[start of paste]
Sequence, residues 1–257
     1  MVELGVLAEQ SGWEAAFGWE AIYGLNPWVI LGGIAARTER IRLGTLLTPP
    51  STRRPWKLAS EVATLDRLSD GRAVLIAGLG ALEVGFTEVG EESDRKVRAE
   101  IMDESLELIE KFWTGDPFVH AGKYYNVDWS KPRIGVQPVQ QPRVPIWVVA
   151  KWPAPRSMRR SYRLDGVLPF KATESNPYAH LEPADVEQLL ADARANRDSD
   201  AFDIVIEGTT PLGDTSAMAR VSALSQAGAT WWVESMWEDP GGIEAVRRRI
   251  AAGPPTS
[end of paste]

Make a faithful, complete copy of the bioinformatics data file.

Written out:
Sequence, residues 1–257
     1  MVELGVLAEQ SGWEAAFGWE AIYGLNPWVI LGGIAARTER IRLGTLLTPP
    51  STRRPWKLAS EVATLDRLSD GRAVLIAGLG ALEVGFTEVG EESDRKVRAE
   101  IMDESLELIE KFWTGDPFVH AGKYYNVDWS KPRIGVQPVQ QPRVPIWVVA
   151  KWPAPRSMRR SYRLDGVLPF KATESNPYAH LEPADVEQLL ADARANRDSD
   201  AFDIVIEGTT PLGDTSAMAR VSALSQAGAT WWVESMWEDP GGIEAVRRRI
   251  AAGPPTS